From Volume 5, Issue Number 32 of EIR Online, Published Aug. 8, 2006
Russia and the CIS News Digest

LaRouche Quoted Again in Russia on 'Coming Dollar Crisis'

A discussion between LaRouche science advisor Jonathan Tennenbaum and journalist Maxim Kalashnikov on the potential for U.S.-Russian collaboration against the globalist financiers, published July 27 in the Russian weekly Zavtra, has been reprinted on at least two major Russian web sites, and the "" site in Ukraine, as well as in numerous blogs. Kalashnikov subsequently chaired a round table, under the heading "Will the Russian Federation survive the crash of the dollar?", at which several well-known economists spoke. At that event, Prof. Yuri Gromyko developed the idea that the coming crisis is systemic, citing a number of points from Lyndon LaRouche's analysis. According to a transcript posted Aug. 4 in the online publication, Gromyko brought up the importance of LaRouche's influence in leading U.S. circles.

Primakov Warns of Wider Explosions in Mideast

Russia's senior Southwest Asia expert, former Prime Minister Yevgeni Primakov, said in an interview with Izvestia, published July 31, that his greatest concern about the fighting in Lebanon, is that circles in the U.S.A. intend it as a cover for an Israeli strike on Iran. In a lengthy talk, drawing on his personal involvement in diplomacy in the region since the 1960s, Primakov said that he saw the introduction of a large peace-keeping force, brought in with an "intelligent compromise peace plan," worked out by the quartet (Russia, U.S.A., EU, and UN), as a pathway out of the crisis, but that he feared some of the forces involved have a different agenda.

Primakov said he did not think that Iran or Syria were behind the attacks on Israeli soldiers, as is "fashionable" to say about the crisis-precipitating incidents. He developed how the escalation was not at all in Iran's interests, commenting that, "Iran's leaders are not so brainless, as to think they could divert attention from their nuclear program by using Hezbollah." As for Syria, he recalled that it is the ABCs of Syrian interests, to avoid a direct confrontation with Israel. But, continued Primakov, "What I find especially disappointing now is the behavior of the Americans. Why aren't they calling for an immediate cease-fire? Sure, there is the traditional U.S. posture of no toleration for terrorists, but there may be something else behind it. Perhaps their design is to drag Syria in? Perhaps they are calculating, that if Syria is dragged in, then Iran will intervene in the war? And then they want Israel to hit Iran? I am not briefed on the secret plans of the Americans, but I don't think their premise is that the destruction of Lebanon will make Hezbollah disappear."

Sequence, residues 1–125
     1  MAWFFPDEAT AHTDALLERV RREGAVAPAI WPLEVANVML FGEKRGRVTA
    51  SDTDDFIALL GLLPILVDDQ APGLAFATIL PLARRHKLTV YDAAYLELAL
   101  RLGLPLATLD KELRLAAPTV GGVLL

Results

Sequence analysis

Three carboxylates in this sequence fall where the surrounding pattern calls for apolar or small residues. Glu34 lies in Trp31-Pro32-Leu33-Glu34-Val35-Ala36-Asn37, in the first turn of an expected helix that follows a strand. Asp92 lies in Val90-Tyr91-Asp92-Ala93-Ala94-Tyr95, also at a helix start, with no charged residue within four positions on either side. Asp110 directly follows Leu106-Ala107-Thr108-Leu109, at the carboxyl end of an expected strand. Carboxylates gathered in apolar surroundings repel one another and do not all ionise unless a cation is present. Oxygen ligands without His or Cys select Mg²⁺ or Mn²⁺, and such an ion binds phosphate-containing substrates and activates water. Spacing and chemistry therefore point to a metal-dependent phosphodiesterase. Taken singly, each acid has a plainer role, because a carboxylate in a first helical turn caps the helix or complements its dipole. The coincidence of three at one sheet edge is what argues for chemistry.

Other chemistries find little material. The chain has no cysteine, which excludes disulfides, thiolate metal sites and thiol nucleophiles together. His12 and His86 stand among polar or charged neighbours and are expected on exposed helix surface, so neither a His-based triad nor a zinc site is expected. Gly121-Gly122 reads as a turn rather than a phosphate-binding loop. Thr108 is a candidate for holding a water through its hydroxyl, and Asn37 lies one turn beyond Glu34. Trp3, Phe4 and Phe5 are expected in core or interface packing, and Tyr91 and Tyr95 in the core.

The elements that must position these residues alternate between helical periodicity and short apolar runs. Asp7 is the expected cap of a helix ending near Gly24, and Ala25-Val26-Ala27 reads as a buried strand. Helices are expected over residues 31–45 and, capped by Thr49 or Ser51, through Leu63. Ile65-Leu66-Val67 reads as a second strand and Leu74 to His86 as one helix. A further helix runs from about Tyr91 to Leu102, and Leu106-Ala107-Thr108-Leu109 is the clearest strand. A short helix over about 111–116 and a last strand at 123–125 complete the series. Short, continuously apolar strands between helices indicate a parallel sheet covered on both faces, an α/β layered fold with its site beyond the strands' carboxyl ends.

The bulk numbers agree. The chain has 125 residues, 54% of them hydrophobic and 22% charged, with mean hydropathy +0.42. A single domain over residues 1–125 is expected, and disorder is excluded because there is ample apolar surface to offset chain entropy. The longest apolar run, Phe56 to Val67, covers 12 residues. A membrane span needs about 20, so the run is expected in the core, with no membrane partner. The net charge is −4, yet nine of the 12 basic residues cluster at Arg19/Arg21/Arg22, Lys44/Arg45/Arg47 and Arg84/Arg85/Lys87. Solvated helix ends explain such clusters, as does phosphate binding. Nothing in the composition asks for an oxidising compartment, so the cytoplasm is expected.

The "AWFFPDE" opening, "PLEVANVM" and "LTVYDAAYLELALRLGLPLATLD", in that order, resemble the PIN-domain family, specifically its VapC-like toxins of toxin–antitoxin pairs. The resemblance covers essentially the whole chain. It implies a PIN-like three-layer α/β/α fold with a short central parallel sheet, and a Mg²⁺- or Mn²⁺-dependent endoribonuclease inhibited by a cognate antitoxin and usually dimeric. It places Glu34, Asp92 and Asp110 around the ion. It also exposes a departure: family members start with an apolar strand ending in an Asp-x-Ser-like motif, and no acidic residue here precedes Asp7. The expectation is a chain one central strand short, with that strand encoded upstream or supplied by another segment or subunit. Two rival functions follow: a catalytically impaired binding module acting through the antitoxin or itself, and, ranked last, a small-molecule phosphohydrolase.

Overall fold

Russian Diplomat: 'No Hint of Threat" in Iran Resolution

Russia's Ambassador to the United Nations Vitali Churkin said July 28 that the UN Security Council's draft resolution on Iran, agreed upon by the Security Council's five permanent members, contains "no hint of a threat" of imposing sanctions. Contradicting acting U.S. Ambassador John Bolton—who called the resolution's call for Iran to suspend work on uranium enrichment "a mandatory command," to be followed by "increasing international isolation, economic and political pressure—Churkin said that the resolution is "an invitation for Iran to negotiations."

Russian Chief of Staff Promises Response to Missile Defense

European wires July 29 cite a lengthy article published by the Russian Defense Ministry weekly, in which Chief of the Armed Forces General Staff Gen. Yuri Baluyevsky wrote, under the headline, "U.S. NMD—What Next?" that Russia sees the United States as being committed to achieving global strategic nuclear superiority. The Bush Administration has worked on that quite systematically, Baluyevsky wrote, quoting at length from the November 2001 Nuclear Posture review and from its update, the March 2006 report.